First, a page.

Names Abraham and I'm plannin' on diggin' a pond on Johns Island, SC. I'm in the planning phase and hoping to get yalls advice.
First about the project. We plan on digging a 3/4 acre to an acre pond on our 8 acres. The future use would be for farm irrigation, aquaculture, rainwater and flooding mitigation, soil extraction, and general enjoyment. I have a John Deere 120c with a yard bucket available to me for the job. I got a quote of 38k to do this job and hoping to save some money by DIY (cause I don't have 38k). I work 24 hr shift every third day so I can dig 2 out of 3 days. I did 3 years operating work in the past and am an average to above average hoe operator. Dug a bunch of detention ponds and deep ditches, but no retention ponds.
Next about the site. The soil is pretty much straight sand. Won't hit anything else at the depth of the dig. Expecting (and hoping) to hit some shell sand at the further depths of the project The water table is extremely high--less than 2'. The property is flat as an old mans backside. There are old farm drainage ditches on the property. All the surrounding properties had them and they drained to the swamp but some have since been filled in by new land owners and now all the surface water from them and surround properties sits in the 'S" portion of the deepest ditch--where we want the pond to go. There are two ponds north of the site, one an acre and one 4 acres, which are connected and drain to the swamp/river. This will be the overflow discharge space. Both those ponds north of the site didn't require any liner and filled up/stay full from water table alone. I plan on damming up the ends of the ditches and putting a vertical spillway connected to the neighbors ponds for appropriate drainage.
Things I'm unsure about. Has anyone dug in a super high water table with soil like this? I'm going to have to use a trash pump to keep up with the water coming in. Unsure what to use 3", 4" or 6". I have looked at prices of rental and the 4" and 6" are insane (almost 4k a month). I assume I'll be at it at least 3 months weather pending so that's unaffordable. Can I get away with a couple 3"ers? Any other suggestions? Environmental control has rules of 3:1 for banks and 2:1 below water level. This is what I did all my dirt calculations at. I then spoke to an old timer and he stated that those only work for mainland, not sea islands and I'd need to do a 3:1 to 4:1 below water level to keep the banks from collapsing as it repeatedly refills as I'm digging. This would really mess up the shape of the pond. He has also told me some other farming advice that has been disproven too so I'm leery with his advice. Has anyone dug in pretty much sand? What strategies have you used? Finally, it has been suggested to take the pond as close to 20' deep to get to that shell sand. That is incredibly deep. What would be ideal for pond health in a place that has such hot summers? I'd like that good sand to build roads with but with such a small excavator would it even be possible?
I have attached two aerials, one of my future pond shape, and one of the neighbor's to give yall an idea of flow. Any help y'all can give would be most appreciated.
Well, the old timer was correct on the slope. no way to keep sand in place at a 2:1 slope. 3:1 is marginal, 4:1 better.
Here the soil was pure sand to 10', then hit a 12" layer of gravel, then a 12" layer of clay, then another 8' of pure sand, then 12" gravel then blue clay. We dug to 22' depth, and had to pump every day so we weren't digging in water. We had to move the pump down as we dug down, the pump wouldn't suck water up very efficiently. We made a shelf with the excavator, put a sheet of plywood on it and angled it slightly back towards the bank - if we didn't do this the pump would vibrate and walk towards the water.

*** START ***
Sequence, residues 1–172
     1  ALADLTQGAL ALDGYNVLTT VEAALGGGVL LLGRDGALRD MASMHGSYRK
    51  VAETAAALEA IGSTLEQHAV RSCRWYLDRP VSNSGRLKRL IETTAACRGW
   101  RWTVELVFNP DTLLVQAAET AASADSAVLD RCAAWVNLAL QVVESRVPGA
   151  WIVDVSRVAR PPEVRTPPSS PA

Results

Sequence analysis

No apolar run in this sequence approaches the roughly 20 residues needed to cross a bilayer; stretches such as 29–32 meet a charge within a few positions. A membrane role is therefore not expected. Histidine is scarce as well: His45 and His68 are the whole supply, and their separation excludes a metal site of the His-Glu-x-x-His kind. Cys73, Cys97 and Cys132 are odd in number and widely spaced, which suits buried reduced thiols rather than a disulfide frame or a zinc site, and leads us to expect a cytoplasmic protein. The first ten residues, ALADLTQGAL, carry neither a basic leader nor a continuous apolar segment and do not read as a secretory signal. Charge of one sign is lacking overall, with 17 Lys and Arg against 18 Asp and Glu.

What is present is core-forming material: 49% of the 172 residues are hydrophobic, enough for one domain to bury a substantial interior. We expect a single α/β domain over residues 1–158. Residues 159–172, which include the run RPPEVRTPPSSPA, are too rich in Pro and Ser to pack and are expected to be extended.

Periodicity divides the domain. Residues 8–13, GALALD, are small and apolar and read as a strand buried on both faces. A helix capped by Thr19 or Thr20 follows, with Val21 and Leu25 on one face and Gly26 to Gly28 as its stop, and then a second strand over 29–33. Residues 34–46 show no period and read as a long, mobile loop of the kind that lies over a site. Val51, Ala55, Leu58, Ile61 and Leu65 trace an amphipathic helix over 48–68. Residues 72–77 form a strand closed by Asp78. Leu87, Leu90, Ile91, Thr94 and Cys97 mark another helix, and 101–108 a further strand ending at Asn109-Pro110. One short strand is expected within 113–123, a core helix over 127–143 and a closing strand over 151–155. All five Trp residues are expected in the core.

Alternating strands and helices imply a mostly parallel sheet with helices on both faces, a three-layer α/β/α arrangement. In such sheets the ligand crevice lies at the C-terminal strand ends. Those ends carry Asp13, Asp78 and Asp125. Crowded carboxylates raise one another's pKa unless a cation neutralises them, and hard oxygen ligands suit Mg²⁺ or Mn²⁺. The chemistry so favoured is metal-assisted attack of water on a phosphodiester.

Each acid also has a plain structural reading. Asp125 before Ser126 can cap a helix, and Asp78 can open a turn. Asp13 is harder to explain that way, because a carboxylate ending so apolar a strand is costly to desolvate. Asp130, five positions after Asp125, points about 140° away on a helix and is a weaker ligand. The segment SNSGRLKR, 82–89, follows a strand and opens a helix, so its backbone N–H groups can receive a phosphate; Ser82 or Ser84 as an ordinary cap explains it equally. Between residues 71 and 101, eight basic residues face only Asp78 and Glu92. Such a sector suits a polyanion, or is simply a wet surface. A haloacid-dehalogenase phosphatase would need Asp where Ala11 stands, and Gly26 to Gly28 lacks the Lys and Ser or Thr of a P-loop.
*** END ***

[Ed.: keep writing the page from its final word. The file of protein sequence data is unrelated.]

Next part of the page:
We also had to put the pump intake thru an inner tube and float in in the pond, keeping the intake about a foot to two feet below the surface and tied with a rope from the other side of the pond to keep it from floating to shore. First time we left it on the bottom the intake hose filled with sand and we ripped it picking it up with the excavator to empty it out.....
You can use a 3" semi trash pump to pump out the water, to get the water moving faster adapt the outflow to 4" pipe as fast as possible, the roll flat hose always kinked on me, I ended up using a very short section of it then transitioned to 4" belled end drainage PVC, thinwall stuff. Drained a 1 ac, 8' max depth pond in 4-5 days with a 3" semi-trash pump. I disconnected the fuel tank on the pump, plumbed it into a gravity fed 6 gallon old metal outboard motor gas tank, sitting higher elevation wise than the pump. I drilled/soldered a fitting to the low point on the side of the tank, I found out that the pump sucks gas so slowly that running it like an outboard motor (out the top of the tank) always developed a slight air leak and lost "prime". The pump would run about 18-20 hours on that 6 gal tank.
As to what is possible with the excavator, that all depends on the operator and the time he has to do the job. We used a Komatsu PC200LC-8 Excavator and had to dig in 2 stages, handling the dirt twice. IIRC it had a 1.5 or 2 yd bucket. This pond is 1.1 or so acres when full, max depth was 22'...... We used a pan scraper in the beginning pulled by a tractor, then the excavator, loading a dump truck to move the dirt away from the pond. An ASV skid steer and a dozer was used to distribute the dirt evenly on site, but we did truck 2,700 cu. yd. to my parents place 7 miles away to build a pad for a pole barn and to level out the ground between the house and the pole barn. We used a backhoe on site to load 2 dump trucks and the ASV at their place to distribute the dirt. We moved that 2,700 yds in a weekend..... (2 LONG days)